The colocated hardware running this site I plan to continue keeping this little curated notebook of mostly technical thoughts around. Though my microblog certainly has more posts and will likely continue to be more often updated, the stuff posted here has stood the test of time. I can't imagine ever being happy just being a user of the Internet, of not writing software to bend it to my will. Part of the motivation is the fact that I'm not creating content here. I am writing software, documenting experiences, telling stories, sharing experiences. I don't feel the drive to build an audience and curate the notoriously short attention spans that seem to come along with the enterprise of creating product for a social media space. As such I don't need to churn out posts any more often than suits me to nor do I need to write on any topic that doesn't interest me. I am happy with people finding my work organically, often times through a search for help hastily typed into a search engine somewhere. I get about 2000 visits a month with roughly half of that being automated (bot) traffic. My favorite hits are the ones to my RSS feed as I see those as being kindred souls still adamantly dedicated to experiencing the Internet on their own terms.

It has been bittersweet seeing the Internet graduate from the research project of its birth to being infrastructure. Not because of the influx of lay users, mind you but because it allowed the companies that operate on the Internet — making hardware, software, and services that take advantage of the infrastructure built in the closing centuries of the last millennium to no longer have to envision their users building their own tools. Interoperability and portability which were once the foundation and guiding principles of the Internet have been replaced with a homogeneous browser landscape as our use of the Internet has become increasingly experienced via consumption-only devices. Phones, tablets, and televisions all tend to violently eschew creation. Only the venerable personal computer, likely due to its hobbiest roots and open heritage embodies the ability to create new tools with which to experience the digital landscape we've created.

Now I understand that not everyone has the penchant for tinkering that I do. Just as not everyone is interested in tuning a carburetor or sharpening a knife. For those who do invest in those skills though there is an inherent satisfaction, freedom from dependance, and a sense of security in understanding. As in the real world the heart of the digital scammer and confidence peddler is rooted in the knowledge that most of his marks are ignorant. Technology is after all not a problem solver but instead a powerful force multiplier. The speed and efficiency of modern communication brings to bear a wider net to cast upon the unsuspecting and unwary allowing the law of large numbers to work in their favor separating people from their heard earned capital. This also applies to more legitimate seeming commercial Internet enterprise like social media where you turn over your labor so someone else can make a profit and lose any agency over how your work is used or preserved. The various patterns designed into the user experiences of most of those sites are at their very core reliant on you not looking too closely under the covers lest you find out you are being goaded into the chute for products, not customers.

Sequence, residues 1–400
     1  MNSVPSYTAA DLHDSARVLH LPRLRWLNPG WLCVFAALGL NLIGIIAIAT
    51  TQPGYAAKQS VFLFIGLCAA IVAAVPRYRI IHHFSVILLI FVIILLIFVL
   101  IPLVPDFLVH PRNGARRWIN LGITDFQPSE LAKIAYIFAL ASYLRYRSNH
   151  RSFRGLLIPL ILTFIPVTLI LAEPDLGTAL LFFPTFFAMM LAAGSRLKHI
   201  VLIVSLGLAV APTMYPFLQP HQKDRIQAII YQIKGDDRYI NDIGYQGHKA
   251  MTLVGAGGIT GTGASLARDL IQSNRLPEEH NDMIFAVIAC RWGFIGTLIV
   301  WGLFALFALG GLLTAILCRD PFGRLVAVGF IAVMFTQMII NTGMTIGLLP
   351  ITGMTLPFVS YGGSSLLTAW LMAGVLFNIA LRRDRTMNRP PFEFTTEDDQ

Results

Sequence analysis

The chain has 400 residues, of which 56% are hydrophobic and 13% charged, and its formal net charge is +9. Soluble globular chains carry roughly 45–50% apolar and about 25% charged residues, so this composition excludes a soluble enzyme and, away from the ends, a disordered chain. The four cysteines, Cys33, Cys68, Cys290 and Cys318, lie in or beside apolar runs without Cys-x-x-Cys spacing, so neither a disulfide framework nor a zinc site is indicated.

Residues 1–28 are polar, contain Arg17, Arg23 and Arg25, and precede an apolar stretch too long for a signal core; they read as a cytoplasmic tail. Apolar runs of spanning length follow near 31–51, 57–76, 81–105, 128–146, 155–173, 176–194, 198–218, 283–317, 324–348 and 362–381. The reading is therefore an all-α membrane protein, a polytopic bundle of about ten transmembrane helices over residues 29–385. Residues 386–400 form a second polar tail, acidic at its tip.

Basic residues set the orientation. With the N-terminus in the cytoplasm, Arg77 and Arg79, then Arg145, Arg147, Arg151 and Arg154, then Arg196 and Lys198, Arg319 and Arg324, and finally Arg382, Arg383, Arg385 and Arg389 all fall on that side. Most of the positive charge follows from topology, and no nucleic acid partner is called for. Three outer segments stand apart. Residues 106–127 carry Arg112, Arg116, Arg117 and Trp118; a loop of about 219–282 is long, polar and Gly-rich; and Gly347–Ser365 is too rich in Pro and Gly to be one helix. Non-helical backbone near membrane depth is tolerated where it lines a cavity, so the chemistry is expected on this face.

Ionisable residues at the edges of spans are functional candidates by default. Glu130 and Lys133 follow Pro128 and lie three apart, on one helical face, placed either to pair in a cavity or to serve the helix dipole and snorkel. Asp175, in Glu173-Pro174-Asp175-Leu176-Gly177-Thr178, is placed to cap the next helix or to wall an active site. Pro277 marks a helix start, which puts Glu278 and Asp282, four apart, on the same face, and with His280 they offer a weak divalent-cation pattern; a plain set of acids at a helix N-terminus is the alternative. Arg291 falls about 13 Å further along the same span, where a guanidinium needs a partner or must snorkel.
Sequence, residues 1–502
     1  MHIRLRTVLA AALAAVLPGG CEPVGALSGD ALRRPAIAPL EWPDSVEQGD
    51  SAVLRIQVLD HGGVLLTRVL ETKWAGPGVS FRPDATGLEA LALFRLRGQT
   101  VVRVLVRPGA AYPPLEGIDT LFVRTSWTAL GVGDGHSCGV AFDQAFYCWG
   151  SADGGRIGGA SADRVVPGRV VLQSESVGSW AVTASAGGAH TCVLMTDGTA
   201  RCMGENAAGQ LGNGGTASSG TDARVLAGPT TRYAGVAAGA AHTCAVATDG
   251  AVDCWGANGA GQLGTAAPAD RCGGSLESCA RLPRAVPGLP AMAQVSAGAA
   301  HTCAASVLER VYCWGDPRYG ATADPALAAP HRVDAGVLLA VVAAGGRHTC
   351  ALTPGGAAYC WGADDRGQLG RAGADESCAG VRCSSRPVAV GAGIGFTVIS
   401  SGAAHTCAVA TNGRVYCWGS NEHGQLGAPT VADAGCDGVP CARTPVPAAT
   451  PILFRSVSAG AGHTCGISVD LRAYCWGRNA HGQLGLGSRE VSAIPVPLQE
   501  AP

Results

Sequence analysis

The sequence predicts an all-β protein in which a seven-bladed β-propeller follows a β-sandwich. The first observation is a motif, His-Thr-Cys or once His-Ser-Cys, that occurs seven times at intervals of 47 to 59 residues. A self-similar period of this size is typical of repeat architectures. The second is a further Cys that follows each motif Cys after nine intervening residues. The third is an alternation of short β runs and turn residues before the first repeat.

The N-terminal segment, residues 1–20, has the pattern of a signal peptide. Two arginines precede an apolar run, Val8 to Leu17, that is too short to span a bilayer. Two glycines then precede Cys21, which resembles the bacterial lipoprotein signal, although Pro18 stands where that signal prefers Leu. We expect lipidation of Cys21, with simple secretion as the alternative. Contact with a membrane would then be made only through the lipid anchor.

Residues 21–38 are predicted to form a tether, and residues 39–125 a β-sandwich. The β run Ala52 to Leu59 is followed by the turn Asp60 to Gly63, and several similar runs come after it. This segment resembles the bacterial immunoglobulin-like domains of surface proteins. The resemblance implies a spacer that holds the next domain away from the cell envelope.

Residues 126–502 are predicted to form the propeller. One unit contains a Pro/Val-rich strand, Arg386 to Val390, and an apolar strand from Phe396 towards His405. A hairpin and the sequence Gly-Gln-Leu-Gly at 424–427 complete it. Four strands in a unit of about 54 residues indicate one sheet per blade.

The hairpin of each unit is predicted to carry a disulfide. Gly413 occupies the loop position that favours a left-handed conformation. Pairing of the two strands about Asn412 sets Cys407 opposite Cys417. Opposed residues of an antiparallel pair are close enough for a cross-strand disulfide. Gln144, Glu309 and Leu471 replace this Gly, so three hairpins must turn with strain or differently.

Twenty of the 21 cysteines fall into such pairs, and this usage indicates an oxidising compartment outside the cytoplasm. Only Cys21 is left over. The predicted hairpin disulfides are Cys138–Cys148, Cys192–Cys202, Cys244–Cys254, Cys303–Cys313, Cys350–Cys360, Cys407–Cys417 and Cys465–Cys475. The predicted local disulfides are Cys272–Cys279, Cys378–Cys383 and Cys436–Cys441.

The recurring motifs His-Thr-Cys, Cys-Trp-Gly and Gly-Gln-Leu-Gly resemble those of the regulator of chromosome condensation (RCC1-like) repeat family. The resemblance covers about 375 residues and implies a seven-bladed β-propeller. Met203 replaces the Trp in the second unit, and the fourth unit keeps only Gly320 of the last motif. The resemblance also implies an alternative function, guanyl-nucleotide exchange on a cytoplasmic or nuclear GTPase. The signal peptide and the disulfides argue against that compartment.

Turn off The Lights When You Go

Ultimately it seems that the endgame is clearer here too — at some point I'll zip up the git repository that contains this website and ship it off to the Internet Archive secure in the knowledge that it will exist in some form after I do not. Who knows for how long but surely for longer than I could otherwise reasonably hope, perhaps lending some useful information or context to future tinkerers. The hyperlinks may eventually be dead — almost certainly squatted on by some domain-parking parasite but perhaps the words will live on. History has shown that of all the institutions humankind has created the one to bet on against all odds is a library. It is hard to know what the future of the Internet will be, I think it is undeniable that commercialization will continue and that the largely personal aspects of the web that were so prevalent in the early days will continue to wane. Hopefully the open heritage will continue though and those that wish to build tools can continue to do so and participate on their own terms.

Here's to another twenty years. 🥃